Just felt a bit darker, leaden and heavy handed in track selection and mixing. Never enjoyed this mix very much, more endured it - a progressive trance compilation that lacks the variety of the sublime Renaissance volume one and N E. Never felt any urgency to track down any of the tunes either. It just didn’t work for me. Remember being disappointed and I don’t think it’s aged that well. Thankfully Sasha’s global underground 013 was a return to form.
Agreed with the reviewer below. This may forgoe the "arctic chill out" theme of NE1 that was also somewhat present on NE2, but in return you get a mix with a lot of variety and highlights. I think the fact that some tracks on this date as far back as 1993-1995 really goes to show what kind of ear they had for what still worked to a 1999 audience, despite the tracks being a few years old at that point. This is a trance mix, through and through. Some may not like it for it's inclusion of tracks like Silence (before it became an established anthem), but I really find myself enjoying pretty much every track on this mix. This is certainly not as thematically consistent as NE1, and may seem "dated" to some people, but I think others will see it as a tour de force of late 90s progressive trance. Oakenfold and Tiesto could only dream of making mixes this good.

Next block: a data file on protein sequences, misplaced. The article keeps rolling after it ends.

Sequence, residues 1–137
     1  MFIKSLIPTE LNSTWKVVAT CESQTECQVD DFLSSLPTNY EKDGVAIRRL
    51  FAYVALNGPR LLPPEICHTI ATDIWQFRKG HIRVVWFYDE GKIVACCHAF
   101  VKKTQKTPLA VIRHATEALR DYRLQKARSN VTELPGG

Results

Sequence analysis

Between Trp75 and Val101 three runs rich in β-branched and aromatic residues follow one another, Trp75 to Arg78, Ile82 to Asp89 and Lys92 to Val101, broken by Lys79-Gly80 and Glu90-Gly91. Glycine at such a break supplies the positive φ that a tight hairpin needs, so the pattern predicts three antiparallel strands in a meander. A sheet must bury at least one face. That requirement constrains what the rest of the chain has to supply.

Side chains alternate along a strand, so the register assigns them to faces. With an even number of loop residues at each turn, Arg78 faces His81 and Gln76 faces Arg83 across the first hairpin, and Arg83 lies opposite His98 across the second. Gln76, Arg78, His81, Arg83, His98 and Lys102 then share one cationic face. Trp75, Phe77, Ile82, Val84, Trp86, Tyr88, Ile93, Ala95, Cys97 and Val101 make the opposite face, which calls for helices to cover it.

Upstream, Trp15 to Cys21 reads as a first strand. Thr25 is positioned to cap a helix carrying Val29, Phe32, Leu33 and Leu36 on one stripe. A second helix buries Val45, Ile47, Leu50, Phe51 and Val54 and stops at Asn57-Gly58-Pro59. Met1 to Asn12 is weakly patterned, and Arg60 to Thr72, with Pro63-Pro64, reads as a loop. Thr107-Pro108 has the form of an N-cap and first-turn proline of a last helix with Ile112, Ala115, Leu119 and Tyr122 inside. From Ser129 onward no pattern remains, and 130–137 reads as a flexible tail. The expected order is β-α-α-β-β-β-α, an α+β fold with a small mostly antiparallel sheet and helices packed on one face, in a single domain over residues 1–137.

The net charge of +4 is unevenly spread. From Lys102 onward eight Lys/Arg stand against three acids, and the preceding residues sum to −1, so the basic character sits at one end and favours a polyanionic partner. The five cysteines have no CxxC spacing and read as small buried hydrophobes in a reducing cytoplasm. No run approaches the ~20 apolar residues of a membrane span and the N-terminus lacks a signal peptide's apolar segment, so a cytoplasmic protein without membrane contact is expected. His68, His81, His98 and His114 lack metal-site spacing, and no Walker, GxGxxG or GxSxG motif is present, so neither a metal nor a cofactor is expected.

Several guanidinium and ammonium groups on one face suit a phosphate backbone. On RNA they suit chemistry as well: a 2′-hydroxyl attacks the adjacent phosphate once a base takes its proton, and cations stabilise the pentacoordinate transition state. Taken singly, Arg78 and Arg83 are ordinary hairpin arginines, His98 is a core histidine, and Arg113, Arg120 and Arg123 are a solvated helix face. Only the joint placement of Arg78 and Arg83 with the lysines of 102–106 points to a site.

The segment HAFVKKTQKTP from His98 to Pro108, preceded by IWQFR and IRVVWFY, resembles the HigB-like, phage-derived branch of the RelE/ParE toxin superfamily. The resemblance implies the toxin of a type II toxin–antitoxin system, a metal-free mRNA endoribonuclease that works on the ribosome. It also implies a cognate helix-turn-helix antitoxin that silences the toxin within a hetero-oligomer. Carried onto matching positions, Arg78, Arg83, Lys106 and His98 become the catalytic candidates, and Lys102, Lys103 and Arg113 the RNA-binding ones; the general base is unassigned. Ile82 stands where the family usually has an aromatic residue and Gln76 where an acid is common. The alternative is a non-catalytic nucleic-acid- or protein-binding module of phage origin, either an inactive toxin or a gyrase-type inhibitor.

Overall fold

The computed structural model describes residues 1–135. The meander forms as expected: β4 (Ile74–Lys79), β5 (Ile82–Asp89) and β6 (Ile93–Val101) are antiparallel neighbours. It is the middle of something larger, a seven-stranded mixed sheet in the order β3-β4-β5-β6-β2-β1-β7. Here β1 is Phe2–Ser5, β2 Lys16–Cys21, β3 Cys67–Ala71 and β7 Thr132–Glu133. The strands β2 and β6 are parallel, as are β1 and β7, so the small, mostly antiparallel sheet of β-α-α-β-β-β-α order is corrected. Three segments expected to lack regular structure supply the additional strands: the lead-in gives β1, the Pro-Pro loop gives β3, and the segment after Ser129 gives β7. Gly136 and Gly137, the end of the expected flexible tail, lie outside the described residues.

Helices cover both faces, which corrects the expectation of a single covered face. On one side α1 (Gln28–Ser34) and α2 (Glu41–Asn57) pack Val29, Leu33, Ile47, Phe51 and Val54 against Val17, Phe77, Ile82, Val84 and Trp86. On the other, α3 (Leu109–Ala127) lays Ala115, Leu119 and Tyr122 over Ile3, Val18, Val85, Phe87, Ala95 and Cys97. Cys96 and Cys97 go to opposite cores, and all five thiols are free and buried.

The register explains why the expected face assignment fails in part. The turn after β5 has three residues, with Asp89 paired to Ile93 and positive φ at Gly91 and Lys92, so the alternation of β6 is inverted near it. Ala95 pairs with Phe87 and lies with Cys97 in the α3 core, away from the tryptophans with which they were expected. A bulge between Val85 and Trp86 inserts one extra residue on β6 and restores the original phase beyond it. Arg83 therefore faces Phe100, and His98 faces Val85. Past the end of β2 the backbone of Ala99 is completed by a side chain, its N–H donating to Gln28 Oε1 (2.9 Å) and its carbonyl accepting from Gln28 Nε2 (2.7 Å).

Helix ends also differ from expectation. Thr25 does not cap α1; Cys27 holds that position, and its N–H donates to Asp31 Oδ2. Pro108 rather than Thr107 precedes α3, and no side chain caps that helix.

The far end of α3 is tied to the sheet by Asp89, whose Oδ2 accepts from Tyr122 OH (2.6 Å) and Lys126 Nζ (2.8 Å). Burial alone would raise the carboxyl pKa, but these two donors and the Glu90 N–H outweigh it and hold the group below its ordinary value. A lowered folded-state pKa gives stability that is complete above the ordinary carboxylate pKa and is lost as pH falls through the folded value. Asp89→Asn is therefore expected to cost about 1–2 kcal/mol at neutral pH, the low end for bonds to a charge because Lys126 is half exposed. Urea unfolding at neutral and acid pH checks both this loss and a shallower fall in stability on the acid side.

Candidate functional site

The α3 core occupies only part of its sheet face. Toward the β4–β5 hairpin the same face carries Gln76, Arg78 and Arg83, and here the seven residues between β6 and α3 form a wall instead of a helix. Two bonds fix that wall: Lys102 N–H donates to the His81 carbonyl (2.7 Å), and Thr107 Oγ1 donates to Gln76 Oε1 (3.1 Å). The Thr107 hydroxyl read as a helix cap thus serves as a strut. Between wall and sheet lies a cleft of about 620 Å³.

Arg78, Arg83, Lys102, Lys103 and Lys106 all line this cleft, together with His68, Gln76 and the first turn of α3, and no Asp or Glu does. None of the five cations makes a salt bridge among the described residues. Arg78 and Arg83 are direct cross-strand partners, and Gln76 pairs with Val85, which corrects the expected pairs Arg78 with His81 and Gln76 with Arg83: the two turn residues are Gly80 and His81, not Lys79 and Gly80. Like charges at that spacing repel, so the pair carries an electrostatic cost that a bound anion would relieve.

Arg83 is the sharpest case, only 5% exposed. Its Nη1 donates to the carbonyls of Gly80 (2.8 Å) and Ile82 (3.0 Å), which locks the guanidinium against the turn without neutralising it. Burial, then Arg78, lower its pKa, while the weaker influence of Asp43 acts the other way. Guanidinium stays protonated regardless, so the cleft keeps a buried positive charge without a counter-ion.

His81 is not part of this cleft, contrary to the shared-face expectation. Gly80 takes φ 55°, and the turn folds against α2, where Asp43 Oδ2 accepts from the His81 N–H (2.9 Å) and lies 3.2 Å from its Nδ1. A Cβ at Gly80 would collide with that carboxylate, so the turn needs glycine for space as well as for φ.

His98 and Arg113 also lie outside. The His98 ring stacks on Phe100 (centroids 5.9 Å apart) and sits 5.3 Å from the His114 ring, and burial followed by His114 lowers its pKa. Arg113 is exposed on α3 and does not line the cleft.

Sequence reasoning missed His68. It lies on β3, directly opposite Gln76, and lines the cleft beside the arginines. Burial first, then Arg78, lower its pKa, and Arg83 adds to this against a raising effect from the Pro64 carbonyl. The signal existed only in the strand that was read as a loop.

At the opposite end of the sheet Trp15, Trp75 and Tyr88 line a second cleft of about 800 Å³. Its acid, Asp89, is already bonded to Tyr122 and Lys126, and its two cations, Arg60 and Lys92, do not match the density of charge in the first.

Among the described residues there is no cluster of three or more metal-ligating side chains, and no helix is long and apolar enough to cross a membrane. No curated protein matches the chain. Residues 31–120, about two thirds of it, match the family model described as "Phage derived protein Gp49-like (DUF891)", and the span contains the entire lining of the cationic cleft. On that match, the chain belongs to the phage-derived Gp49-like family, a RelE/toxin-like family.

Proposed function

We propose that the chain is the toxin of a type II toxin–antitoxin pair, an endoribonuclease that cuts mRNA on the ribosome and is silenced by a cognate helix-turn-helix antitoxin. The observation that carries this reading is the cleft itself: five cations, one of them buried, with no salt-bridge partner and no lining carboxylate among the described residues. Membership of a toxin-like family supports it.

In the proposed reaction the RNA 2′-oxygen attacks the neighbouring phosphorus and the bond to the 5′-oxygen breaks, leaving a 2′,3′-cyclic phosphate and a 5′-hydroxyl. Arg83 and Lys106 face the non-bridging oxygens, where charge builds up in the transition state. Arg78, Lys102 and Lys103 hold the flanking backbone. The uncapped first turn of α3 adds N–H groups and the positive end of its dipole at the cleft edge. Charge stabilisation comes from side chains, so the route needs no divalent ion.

Yeah for me this is very weak for Sasha & JD but you have to put it in perspective. It's from 1999 and trance was the sound of the future. Their sound has always had a hypnotic, trancey vibe to it I find this too much. Apart from Belfunk by Sasha and the Enjoy the slience cover I can't even listen to the rest of it, it grates on me. Of it's time but let's be honest, dance music was back then, huge trancey hands in the air riffs and apart from a few standout tracks that have gone on to become classics, most of it was crap and throwaway. It's deposibility was part of it's attraction. Compared to their other work this sounds lazy, rushed and of it's time, not classic, not timeless.
Whereas the previous two installations represent peaks of progressive mix history, this Northern Exposure hits a substantially flatter note. Mixed in '99, the track selection arguably suffered from the burgeoning popularity of progressive; plenty of the choices are, in retrospect, cheesy and dated. On CD1, this is particularly evident in 'Silence', whereas in CD2 with 'The Silence' (coincidental nomenclature, no?) - the latter of which has aged better, but nevertheless diminishes, as Tekara's remix is overly busy for what ought to be an elegant trance track. That being said, the highs in both mixes are significantly so, and thus Expeditions is worth a listen (and repeat listening).